Comparison of serum levels of biomarkers (CRP, d-dimer, MMP-9, S100B, BNP) between patients who received thrombolytic therapy, underwent mechanical thrombectomy and those who received medical treatment did not show statistical significance between the groups (p value 0.791, 0.591, 0.225, 0.306, 0.647, respectively), as shown in Table 4.

Table 4 Comparison between patients regarding stroke treatment and serum levels of biomarkers

As regards complications, statistically significant higher mean serum CRP level was found in patients who developed cerebral edema, seizures, hemorrhagic transformation, urinary tract infection UTI, and pneumonia (p value 0.001, 0.028, 0.019, 0.001, 0.001), respectively, while mean D-dimer serum level was significantly higher in those who developed pneumonia (p value 0.04), as shown in Table 5.

Table 5 Protein biomarkers, stroke severity and complications

Patients with higher mean S100B serum level had significantly higher incidence of hemorrhagic transformation (83.89 ± 113.85 ng/L) while in patients without hemorrhagic transformation was 76.89 ± 121.48 ng/L (p value = 0.049), whereas hemorrhagic transformation grading was significantly associated with higher mean CRP serum level (43.86 ± 47.98 mg/L, 84.50 ± 81.22 mg/L, 94.50 ± 78.22 mg/L and 131.94 ± 80.88 mg/L in HT-1, HT-2, PH-1 and PH-2, respectively) (p value = 0.019), as shown in Table 5.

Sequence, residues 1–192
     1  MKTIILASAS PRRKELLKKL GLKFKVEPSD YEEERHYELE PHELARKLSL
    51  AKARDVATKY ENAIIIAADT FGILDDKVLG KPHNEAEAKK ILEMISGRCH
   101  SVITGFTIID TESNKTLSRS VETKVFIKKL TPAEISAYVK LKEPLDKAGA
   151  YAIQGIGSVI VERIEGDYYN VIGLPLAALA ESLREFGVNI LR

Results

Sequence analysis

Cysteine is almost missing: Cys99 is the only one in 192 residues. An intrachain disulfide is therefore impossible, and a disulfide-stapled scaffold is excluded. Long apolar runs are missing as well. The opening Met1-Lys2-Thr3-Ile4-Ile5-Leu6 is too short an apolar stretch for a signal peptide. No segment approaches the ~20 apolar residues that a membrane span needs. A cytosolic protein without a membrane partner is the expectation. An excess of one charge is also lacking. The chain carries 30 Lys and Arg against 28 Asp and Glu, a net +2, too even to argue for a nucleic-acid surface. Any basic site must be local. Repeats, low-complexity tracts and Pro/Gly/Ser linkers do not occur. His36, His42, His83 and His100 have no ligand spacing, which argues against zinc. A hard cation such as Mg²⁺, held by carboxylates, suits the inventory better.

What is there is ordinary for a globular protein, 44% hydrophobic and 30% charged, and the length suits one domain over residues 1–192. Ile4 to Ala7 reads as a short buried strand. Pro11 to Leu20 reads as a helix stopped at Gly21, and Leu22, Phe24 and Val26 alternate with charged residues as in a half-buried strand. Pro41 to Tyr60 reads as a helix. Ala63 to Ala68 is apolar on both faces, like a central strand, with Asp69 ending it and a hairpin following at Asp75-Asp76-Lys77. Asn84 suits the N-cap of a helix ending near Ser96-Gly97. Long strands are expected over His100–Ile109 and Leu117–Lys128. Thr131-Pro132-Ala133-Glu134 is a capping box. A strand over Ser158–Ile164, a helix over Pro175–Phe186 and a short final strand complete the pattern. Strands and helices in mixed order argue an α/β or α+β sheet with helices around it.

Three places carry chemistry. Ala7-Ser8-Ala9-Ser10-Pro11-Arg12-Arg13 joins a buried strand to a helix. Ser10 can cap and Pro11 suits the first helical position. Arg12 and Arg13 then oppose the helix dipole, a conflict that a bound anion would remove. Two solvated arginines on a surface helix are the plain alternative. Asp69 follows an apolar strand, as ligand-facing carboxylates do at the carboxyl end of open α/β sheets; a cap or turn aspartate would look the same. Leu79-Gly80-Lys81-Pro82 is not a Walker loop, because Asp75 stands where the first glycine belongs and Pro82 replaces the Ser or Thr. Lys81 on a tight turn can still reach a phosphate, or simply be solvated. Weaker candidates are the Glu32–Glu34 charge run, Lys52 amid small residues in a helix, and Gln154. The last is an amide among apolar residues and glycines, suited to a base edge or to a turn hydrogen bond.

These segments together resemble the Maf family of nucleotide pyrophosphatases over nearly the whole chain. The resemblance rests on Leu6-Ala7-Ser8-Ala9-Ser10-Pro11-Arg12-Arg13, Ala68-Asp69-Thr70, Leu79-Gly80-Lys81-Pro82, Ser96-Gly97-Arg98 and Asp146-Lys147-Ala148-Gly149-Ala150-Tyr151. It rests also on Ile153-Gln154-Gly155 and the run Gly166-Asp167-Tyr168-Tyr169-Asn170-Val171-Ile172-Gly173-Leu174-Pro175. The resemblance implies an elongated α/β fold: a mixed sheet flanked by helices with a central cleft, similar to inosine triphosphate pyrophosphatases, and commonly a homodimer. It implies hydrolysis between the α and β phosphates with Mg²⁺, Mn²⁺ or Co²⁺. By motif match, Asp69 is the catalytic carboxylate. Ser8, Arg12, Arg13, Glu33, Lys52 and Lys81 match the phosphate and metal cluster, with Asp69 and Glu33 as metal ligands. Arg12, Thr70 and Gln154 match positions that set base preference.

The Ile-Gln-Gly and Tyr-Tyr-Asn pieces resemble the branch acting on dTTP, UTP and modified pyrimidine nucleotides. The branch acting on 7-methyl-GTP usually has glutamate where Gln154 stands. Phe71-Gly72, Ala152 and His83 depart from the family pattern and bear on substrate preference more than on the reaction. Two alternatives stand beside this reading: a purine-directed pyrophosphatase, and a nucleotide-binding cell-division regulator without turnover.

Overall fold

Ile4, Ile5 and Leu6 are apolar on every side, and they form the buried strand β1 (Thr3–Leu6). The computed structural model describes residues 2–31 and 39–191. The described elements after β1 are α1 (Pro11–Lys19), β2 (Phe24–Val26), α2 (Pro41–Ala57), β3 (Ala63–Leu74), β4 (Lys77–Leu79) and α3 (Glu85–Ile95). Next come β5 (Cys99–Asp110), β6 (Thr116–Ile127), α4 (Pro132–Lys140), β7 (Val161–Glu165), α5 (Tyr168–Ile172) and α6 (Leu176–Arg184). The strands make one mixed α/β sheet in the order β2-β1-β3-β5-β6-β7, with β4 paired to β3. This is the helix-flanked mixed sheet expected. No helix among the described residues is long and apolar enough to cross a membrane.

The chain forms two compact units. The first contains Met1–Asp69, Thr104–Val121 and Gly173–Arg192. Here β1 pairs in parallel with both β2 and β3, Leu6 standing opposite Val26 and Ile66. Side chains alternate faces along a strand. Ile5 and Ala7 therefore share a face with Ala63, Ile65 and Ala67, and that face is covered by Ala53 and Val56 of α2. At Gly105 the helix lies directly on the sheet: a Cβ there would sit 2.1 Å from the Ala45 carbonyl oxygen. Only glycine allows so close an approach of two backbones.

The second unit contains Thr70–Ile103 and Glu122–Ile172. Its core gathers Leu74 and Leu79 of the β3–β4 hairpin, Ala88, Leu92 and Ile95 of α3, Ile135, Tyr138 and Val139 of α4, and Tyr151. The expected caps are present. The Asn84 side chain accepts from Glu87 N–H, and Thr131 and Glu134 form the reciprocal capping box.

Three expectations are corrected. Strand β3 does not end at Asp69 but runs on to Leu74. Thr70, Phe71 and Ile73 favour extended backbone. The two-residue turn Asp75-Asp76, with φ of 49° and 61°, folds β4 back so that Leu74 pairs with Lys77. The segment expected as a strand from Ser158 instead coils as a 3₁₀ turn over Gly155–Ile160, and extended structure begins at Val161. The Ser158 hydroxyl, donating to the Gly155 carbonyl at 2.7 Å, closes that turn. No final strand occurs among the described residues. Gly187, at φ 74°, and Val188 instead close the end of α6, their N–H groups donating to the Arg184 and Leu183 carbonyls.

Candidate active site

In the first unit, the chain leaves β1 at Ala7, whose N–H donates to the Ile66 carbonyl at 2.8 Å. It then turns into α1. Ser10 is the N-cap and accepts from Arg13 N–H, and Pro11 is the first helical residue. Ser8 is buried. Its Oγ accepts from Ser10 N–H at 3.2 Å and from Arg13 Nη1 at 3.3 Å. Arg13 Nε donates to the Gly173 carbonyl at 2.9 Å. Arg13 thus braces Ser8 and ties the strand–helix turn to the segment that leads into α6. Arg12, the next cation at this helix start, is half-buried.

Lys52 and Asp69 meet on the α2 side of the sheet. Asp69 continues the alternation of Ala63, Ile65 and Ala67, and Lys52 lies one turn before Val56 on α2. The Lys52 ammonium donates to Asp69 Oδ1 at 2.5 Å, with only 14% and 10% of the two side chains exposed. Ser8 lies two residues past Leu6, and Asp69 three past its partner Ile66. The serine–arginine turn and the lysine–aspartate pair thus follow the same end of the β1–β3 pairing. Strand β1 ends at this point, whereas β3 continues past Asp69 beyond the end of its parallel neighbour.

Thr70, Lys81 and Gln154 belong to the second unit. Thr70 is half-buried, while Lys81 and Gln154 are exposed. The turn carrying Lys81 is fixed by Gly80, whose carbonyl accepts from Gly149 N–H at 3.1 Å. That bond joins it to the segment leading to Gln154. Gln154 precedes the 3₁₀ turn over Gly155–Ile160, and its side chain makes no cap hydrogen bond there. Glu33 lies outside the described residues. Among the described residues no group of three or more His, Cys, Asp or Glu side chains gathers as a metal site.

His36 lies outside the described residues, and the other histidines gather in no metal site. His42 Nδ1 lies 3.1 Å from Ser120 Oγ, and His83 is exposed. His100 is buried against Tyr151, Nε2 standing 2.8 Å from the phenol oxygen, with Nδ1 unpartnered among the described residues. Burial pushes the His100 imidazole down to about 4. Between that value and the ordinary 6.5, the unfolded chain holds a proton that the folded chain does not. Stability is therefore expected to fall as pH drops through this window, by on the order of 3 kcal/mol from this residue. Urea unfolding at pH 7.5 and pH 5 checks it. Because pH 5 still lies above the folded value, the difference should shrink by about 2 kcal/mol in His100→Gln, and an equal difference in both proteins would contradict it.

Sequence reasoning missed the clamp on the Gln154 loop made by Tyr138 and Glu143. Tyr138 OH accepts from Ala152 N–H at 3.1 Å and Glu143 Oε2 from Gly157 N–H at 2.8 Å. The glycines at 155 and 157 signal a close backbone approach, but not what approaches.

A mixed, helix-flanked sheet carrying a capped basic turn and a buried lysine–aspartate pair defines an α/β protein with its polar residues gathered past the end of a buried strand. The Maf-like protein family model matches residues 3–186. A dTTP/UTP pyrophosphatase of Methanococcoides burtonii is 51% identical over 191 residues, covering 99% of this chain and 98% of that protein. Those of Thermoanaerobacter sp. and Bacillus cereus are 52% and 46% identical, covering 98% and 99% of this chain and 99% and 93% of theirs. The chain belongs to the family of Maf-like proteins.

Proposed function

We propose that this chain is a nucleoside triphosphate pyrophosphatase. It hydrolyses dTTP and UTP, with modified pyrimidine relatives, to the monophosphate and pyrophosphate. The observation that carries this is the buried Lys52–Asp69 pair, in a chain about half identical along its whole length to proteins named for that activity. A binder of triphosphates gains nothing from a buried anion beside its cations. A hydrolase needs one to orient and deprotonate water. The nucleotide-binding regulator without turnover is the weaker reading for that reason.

Patients who had poor functional outcome on discharge (mRS 4–5), had a mean CRP serum level higher than those with good functional outcome on discharge (mRS 0–3) (70.86 ± 52.56 mg/L versus 51.53 ± 49.38 mg/L) and it was the highest in patients who deceased (mRS = 6) (194.00 ± 67.81 mg/L) (p value = 0.001).

This statistically significant relation was not noticed between any of the serum biomarkers and mRS after 3 months, as shown in Table 6.

Table 6 Protein biomarkers and mRS

Correlations between biomarkers and stroke severity as regards NIHSS at onset and ASPECT score showed that serum levels of CRP were positively correlated with NIHSS at onset (p value = 0.002), while both d-dimer levels and MMP-9 levels showed statistically significant negative correlation with NIHSS at onset (p value = 0.05, 0.038, respectively). Serum CRP level was negatively correlated with ASPECT score (p value = 0.008).